Not necessarily. A person is known as the Bishop of Rome (and thus Pope) by a consensus of the Catholic Church, regardless of his manner of his election.

Do you have a citation for that? I am inclined to doubt it for several reasons. One is, Canon Law tells us how the election of a pontiff is to proceed, and the consensus of the Church seems to have nothing to do with it. It seems to me that the decision of the Cardinals meeting together in a consistory is what counts, and the lawful pope, Urban VI, seems to have appointed sufficient cardinals to elect his successor even without the ones in league with the antipope (and excommunicant) Clement VII.

A Pope cannot be excommunicate (he is the only Catholic who is not subject to one bit of Canon Law or its punishments). If Clement (being elected by the Cardinals in an otherwise lawful manner) became Pope upon Urban’s death (as is the usual custom), the excommunication would go away in that instant.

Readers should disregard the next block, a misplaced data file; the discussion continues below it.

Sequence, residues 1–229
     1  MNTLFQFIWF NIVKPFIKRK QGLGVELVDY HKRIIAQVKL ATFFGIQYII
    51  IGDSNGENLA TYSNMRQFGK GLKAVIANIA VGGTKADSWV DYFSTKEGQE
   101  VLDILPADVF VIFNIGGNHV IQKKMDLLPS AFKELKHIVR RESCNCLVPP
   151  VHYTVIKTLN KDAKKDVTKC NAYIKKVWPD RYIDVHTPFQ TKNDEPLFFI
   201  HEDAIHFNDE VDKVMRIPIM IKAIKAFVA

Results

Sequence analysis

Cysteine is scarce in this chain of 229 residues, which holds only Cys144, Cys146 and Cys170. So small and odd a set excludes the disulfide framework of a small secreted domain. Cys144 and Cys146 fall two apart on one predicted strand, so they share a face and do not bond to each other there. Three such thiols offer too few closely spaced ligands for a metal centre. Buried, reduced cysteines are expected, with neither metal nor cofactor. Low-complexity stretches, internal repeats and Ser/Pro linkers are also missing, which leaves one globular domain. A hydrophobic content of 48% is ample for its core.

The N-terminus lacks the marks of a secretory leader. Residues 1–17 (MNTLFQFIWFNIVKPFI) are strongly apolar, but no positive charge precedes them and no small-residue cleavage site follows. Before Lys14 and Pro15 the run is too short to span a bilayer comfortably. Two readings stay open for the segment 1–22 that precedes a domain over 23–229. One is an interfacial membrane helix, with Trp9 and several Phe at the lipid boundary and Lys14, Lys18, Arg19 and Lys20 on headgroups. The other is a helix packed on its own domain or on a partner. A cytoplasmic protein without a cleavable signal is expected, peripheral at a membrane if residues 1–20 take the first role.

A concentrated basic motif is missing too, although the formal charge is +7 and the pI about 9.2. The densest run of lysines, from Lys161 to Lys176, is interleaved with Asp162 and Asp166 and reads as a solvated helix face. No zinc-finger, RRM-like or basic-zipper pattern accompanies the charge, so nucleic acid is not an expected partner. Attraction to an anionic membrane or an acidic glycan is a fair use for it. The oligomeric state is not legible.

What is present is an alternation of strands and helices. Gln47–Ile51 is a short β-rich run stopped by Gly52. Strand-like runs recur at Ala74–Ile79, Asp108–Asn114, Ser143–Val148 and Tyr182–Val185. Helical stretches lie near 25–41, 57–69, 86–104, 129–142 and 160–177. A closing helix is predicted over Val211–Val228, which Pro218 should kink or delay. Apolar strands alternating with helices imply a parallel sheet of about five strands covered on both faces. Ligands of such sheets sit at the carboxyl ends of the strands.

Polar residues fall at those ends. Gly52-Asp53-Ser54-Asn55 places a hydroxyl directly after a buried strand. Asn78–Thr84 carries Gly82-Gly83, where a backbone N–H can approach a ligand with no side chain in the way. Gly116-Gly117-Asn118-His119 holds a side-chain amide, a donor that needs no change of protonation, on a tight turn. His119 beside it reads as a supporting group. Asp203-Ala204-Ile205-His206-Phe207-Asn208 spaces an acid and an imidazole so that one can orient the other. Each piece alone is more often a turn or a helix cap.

Do you have a citation for that? I am inclined to doubt it for several reasons. One is, Canon Law tells us how the election of a pontiff is to proceed, and the consensus of the Church seems to have nothing to do with.

The Conclave is the consent of the Church. I did not mean to imply the laity (although, in the past, Popes were selected in popular elections - can you imagine???) In the past, when Popes were appointed by Emperors, the consent was implied by the fact that he was allowed to assume and fulfill the duties of his Office.

But I’m not disputing the Latin line (though I personally don’t believe there were any legitimate Popes between Urban and Martin, but, if there were, it would be the Latin line). I’m just saying that the Church has never authoritatively defined the line, and it’s improper for us to say that She has (and, thus, I am perfectly free to believe and proclaim that I dispute the legitimacy of the antepenultimate and later “popes”).